Darwin's letters also expressed his thoughts about conventional medicine of his time. He said emphatically that he had ‘no faith whatever in ordinary Doctoring’. And yet, after 12 years of persistent nausea and vomiting, Darwin acknowledged in 1856 that Dr Gully's treatment in 1849 was successful enough that ‘never (or almost never) the vomiting returns’ (p. 238) (15).
When Dr Gully retired from his full-time practice in Malvern in the late 1850s, he chose Dr James Smith Ayerst (1824/5–1884) as his replacement. Not surprisingly, Ayerst was also a homeopathic physician. He served as assistant surgeon in the Royal Navy, was physician to Great Malvern, Worcestershire, ran a hydropathic establishment at Old Well House, Malvern Wells in conjunction with that of Dr Gully, and later, practiced homeopathy and hygienics in Torquay, Devon (20).
Darwin's wife Emma wrote to W. Darwin Fox: ‘We like Dr Ayerst, tho’ he has not the influence of Dr Gully. Dr G. it is hopeless to try to see tho’ I must say he has been to see Ch. [Charles] twice & he quite approves of his treatment’ (Vol. XI, p. 643) (15). Darwin visited other hydrotherapy spas as well. In 1857 and 1859, he visited Moor Park, run by Edward Wickstead Lane, MD, a physician and hydrotherapist (not a homeopath). And perhaps not by happenstance, Darwin's famed book On the Origin of Species was at the printing press, while he was at Ilkley Wells, a spa operated by Edmund Smith, MD, another homeopathic physician (Vol. XI, p. 361) (15).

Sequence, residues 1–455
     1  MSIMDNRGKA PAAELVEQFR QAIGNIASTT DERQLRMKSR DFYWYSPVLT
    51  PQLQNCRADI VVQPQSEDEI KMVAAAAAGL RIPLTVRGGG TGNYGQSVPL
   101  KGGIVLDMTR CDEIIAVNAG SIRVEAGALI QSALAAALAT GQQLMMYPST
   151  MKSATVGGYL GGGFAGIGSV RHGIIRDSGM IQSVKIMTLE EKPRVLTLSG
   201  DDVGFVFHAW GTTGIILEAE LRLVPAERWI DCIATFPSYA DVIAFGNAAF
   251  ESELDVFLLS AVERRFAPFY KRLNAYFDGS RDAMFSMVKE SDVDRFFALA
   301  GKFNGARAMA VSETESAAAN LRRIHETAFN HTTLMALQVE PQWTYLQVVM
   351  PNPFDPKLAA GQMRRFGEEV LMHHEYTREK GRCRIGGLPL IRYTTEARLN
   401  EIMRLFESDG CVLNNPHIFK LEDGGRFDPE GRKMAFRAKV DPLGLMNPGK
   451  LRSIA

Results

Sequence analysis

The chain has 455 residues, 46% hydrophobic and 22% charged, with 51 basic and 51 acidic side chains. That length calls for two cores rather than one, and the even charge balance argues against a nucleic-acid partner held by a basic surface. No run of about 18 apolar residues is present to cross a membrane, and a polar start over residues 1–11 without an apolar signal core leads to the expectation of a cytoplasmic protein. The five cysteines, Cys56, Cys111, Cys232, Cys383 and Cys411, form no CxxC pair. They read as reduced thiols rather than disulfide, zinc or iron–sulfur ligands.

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Darwin's Experiments with Homeopathic Doses

It is also fascinating to note that Darwin himself conducted several experiments evaluating the effects of small doses on an insect-eating plant (Drosera rotundifolia, commonly called sundew) that is commonly used in homeopathic medicine. He found that solutions of certain salts of ammonia stimulated the glands of the plant's tentacles and caused the plant to turn inward. He made this solution more and more dilute, but the plant still was able to detect the presence of the salt. On July 7, 1874, he wrote to a well-known physiologist, Professor F. C. Donders of Utrecht, Netherlands, that he observed that 1/4 000 000 of a grain had a demonstrable effect upon the Drosera, and Darwin was shocked and dismayed to write, ‘the 1/20 000 000th of a grain of the crystallised salt does the same. Now, I am quite unhappy at the thought of having to publish such a statement’ (11).